“Heng Guang Cayman” or the “Company” are to the registrant Hengguang Holding Co., Limited., an exempted company incorporated under the laws of Cayman Islands;
  “Heng Guang BVI” are to Heng Guang Shun Da Co., Ltd., a company formed under the laws of British Virgin Islands and a wholly-owned subsidiary of Heng Guang Cayman;
  “Heng Guang Hong Kong” are to Heng Guang Holdings Co., Ltd., a company formed under the laws of Hong Kong and a wholly-owned subsidiary of Heng Guang BVI;
  “shares”, “Shares” or “Ordinary Shares” as of the date hereof refer to our Class A and Class B ordinary shares, par value US$0.001 per share;
  “VIEs” are to the variable interest entities including Heng Guang Insurance and its subsidiaries;
  “WFOE” are to Chengdu Jiulin Kefu Technology Co., Ltd., a Chinese company and wholly-owned subsidiary of Heng Guang Hong Kong;
  “we”, “us”, the “Company” or the “Group” are to Heng Guang Insurance, Heng Guang Cayman, Heng Guang BVI, Heng Guang Hong Kong, WFOE, and the subsidiaries of Heng Guang Insurance set forth in Exhibit 21.1, as a group.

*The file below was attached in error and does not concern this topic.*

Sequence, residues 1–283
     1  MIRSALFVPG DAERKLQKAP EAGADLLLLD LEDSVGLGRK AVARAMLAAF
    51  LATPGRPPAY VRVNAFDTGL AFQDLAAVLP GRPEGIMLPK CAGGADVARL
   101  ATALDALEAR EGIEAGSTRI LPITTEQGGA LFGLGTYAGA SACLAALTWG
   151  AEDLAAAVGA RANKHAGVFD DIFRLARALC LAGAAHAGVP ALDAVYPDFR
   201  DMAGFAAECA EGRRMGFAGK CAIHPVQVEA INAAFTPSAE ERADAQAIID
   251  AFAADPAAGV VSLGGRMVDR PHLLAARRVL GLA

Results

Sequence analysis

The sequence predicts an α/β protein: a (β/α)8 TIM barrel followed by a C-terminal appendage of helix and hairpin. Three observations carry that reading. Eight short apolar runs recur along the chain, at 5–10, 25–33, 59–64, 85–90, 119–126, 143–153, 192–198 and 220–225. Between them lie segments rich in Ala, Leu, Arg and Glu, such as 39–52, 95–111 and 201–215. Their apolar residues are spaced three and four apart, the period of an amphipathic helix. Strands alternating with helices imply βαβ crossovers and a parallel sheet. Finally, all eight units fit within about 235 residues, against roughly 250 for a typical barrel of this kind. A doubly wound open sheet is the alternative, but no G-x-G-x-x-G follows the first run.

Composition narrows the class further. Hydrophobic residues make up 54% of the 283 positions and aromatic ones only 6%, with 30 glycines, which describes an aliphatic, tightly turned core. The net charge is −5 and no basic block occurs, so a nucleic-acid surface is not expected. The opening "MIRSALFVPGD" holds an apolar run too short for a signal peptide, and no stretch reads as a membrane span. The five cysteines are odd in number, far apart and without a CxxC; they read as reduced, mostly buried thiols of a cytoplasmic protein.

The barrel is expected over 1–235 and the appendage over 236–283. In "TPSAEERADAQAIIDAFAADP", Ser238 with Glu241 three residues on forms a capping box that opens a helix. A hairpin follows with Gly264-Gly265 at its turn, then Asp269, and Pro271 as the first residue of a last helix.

Our business is conducted by Heng Guang Insurance, our VIE entity in the PRC, and its subsidiaries and branch offices, using Chinese dollars (the “RMB”), the legal currency of China. Our consolidated financial statements are presented in United States dollars. In this prospectus, we refer to assets, obligations, commitments and liabilities in our consolidated financial statements in United States dollars. These dollar references are based on the exchange rate of RMB to United States dollars, determined as of a specific date or for a specific period. Changes in the exchange rate will affect the amount of our obligations and the value of our assets in terms of United States dollars which may result in an increase or decrease in the amount of our obligations and the value of our assets, including accounts receivable.

 

 
 

 

TABLE OF CONTENTS

 

  Page
PROSPECTUS SUMMARY 1
SUMMARY CONSOLIDATED FINANCIAL DATA 14
CAUTIONARY NOTE REGARDING FORWARD-LOOKING STATEMENTS 21
RISK FACTORS 22
USE OF PROCEEDS 42